When the New Year’s holiday spirit has finally receded in mid-January and people suddenly find themselves busy again, an annual ceremony called Utakai Hajime, or New Year Poetry Reading, is held at the Imperial Palace.

Aired live from the palace, the ceremony is most noted for the slow and distinctive melody to which the “waka” Japanese poems are recited.

And who are those sonorous reciters?

“They are all non-regular appointees, commissioned by the Imperial Household Agency,” said Kintake Sonoike, 57, one of the “hikoshoyaku” palace retainers tasked with declaiming the poems.

By profession, Sonoike is a botanist specializing in photosynthesis and a professor at Waseda University.

He was a university student when he began to participate in this ceremony because of his aristocratic descent. He was required, he recalled, to thoroughly familiarize himself not only with the three major imperial anthologies of Japanese poetry--“Kokin Wakashu,” “Gosen Wakashu” and “Shui Wakashu”--but also with the eight major anthologies, including “Shin-Kokin Wakashu” and “Senzaishu.”

The poems’ melodies have been preserved and handed down to the present day in the “Waka Hikofu” musical score.

But unlike Western musical notation that uses a staff of five horizontal lines, the waka score uses only “kanji” characters and bar symbols.

The kanji for “shin” (god) stands for “do,” that for “ichi” (one) stands for “re” and “hyo” (flat) stands for “mi.” This is like a cryptogram.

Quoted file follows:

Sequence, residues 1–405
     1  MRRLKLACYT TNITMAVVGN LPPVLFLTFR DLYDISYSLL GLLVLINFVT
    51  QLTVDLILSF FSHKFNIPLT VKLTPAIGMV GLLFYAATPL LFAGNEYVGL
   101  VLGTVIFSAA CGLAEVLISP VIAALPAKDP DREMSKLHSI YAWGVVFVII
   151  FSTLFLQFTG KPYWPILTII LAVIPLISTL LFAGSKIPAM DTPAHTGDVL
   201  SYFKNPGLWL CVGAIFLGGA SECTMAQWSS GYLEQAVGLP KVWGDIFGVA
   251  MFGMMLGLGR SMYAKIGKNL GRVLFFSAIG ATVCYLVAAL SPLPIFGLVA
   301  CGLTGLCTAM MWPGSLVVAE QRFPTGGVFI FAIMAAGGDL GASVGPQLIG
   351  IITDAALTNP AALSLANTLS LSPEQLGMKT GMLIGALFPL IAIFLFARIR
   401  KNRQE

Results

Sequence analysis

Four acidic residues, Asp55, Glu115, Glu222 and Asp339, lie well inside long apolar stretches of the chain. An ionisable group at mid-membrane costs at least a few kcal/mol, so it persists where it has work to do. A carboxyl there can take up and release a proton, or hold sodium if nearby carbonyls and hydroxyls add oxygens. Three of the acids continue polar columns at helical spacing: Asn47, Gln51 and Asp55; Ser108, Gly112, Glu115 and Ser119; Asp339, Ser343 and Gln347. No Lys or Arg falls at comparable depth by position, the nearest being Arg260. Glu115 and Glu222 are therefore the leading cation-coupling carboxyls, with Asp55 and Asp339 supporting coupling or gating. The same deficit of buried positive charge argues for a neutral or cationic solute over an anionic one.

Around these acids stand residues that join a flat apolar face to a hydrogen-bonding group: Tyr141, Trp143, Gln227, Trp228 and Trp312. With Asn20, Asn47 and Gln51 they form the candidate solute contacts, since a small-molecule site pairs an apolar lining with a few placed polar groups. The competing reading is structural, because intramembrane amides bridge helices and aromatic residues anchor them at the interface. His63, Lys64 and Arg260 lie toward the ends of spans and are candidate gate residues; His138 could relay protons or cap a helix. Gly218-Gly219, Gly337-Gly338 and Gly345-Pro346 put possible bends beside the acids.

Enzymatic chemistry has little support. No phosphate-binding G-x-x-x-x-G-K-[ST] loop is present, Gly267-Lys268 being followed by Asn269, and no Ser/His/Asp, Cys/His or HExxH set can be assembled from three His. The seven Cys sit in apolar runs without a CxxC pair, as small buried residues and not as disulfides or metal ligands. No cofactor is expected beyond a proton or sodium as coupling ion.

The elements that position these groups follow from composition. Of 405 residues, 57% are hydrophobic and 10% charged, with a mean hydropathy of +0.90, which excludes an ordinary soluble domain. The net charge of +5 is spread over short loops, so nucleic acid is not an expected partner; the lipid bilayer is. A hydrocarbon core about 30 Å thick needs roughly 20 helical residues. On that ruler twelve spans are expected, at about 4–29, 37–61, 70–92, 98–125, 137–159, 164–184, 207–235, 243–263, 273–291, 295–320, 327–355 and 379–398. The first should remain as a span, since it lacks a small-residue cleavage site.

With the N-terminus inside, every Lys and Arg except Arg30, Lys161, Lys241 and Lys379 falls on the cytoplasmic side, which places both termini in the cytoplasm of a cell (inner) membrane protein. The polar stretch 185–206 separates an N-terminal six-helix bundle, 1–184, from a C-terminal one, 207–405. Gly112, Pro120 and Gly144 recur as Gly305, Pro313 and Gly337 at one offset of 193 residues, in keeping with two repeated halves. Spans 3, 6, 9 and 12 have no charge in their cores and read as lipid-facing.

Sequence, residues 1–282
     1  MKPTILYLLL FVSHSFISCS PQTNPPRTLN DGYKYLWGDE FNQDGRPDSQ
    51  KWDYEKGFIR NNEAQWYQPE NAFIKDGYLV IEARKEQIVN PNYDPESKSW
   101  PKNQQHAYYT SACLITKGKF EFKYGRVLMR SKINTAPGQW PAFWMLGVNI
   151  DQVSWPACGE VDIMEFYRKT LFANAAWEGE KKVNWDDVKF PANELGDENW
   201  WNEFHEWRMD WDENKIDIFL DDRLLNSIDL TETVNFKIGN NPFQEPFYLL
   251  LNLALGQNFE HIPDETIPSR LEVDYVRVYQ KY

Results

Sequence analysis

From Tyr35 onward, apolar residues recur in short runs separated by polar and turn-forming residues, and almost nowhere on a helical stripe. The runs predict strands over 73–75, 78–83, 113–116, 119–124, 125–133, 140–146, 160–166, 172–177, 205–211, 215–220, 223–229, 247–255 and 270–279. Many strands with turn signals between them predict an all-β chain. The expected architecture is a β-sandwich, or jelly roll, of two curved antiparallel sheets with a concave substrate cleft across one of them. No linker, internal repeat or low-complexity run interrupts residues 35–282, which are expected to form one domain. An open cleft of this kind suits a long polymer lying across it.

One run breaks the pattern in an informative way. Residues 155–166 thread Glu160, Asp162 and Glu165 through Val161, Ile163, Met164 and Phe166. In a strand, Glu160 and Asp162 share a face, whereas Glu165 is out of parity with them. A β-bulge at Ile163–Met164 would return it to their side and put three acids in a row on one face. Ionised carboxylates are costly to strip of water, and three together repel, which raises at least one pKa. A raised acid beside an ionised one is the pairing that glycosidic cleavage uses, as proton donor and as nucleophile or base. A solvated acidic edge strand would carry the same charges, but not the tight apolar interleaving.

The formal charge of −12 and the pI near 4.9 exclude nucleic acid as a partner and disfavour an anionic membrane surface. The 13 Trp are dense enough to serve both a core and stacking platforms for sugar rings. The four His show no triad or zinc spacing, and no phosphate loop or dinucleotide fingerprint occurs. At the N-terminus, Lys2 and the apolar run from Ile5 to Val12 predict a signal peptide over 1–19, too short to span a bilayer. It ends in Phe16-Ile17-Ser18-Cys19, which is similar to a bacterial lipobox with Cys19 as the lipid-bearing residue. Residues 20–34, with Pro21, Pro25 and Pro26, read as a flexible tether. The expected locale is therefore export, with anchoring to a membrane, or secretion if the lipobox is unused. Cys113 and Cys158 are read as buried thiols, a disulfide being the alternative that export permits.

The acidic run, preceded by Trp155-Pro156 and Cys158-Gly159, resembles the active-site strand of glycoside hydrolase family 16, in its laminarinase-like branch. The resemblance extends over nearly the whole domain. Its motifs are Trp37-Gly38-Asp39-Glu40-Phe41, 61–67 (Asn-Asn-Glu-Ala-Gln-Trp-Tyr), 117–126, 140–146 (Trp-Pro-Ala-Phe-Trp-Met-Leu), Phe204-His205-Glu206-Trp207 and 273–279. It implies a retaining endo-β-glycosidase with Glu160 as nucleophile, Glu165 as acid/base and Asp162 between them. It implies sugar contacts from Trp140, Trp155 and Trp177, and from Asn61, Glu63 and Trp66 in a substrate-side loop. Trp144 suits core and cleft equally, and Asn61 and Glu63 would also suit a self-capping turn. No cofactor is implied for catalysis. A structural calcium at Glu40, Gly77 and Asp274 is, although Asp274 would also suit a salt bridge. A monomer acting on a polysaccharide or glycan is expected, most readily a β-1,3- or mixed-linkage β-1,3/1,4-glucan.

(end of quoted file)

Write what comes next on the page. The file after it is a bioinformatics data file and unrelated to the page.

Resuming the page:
Each poem starts with a solo recitation, and then a few other voices join in to create an effect similar to a stately male chorus.

At the start, I was rather bewildered by the very slow pace with which the recitation proceeded. But as I immersed myself in the rhythm--which reminded me of waves lapping on the seashore--I experienced this strange sensation of being in the company of poets from many centuries ago.

Waka poems draw upon both Chinese and Japanese elements, describe a scene or an emotion in 31 letters, and are recited to a set rhythm.

In that sense, waka may be defined as a form of composite art that flourished along the borderline between literature and music.

This year’s Imperial Utakai Hajime is slated for Jan. 16.

--The Asahi Shimbun, Jan. 7

* * *

Vox Populi, Vox Dei is a popular daily column that takes up a wide range of topics, including culture, arts and social trends and developments. Written by veteran Asahi Shimbun writers, the column provides useful perspectives on and insights into contemporary Japan and its culture.